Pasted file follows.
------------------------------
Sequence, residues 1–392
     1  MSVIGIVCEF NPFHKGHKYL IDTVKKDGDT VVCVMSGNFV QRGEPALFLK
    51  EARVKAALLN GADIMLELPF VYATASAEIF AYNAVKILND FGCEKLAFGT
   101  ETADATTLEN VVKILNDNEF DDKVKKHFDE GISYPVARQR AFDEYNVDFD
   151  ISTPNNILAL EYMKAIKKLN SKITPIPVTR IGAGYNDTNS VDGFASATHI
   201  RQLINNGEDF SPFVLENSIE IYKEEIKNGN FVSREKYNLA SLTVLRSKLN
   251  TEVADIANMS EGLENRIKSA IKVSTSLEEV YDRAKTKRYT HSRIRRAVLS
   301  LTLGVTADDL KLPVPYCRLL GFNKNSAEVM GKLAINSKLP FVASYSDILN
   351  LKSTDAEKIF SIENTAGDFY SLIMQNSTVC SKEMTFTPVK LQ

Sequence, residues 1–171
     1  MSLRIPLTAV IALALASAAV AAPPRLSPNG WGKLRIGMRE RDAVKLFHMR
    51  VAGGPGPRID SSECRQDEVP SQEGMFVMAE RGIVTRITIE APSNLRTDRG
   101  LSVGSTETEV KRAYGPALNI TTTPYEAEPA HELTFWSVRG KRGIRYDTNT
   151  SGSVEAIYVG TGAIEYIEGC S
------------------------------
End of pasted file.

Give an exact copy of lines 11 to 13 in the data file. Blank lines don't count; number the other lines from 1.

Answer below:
     1  MSLRIPLTAV IALALASAAV AAPPRLSPNG WGKLRIGMRE RDAVKLFHMR
    51  VAGGPGPRID SSECRQDEVP SQEGMFVMAE RGIVTRITIE APSNLRTDRG
   101  LSVGSTETEV KRAYGPALNI TTTPYEAEPA HELTFWSVRG KRGIRYDTNT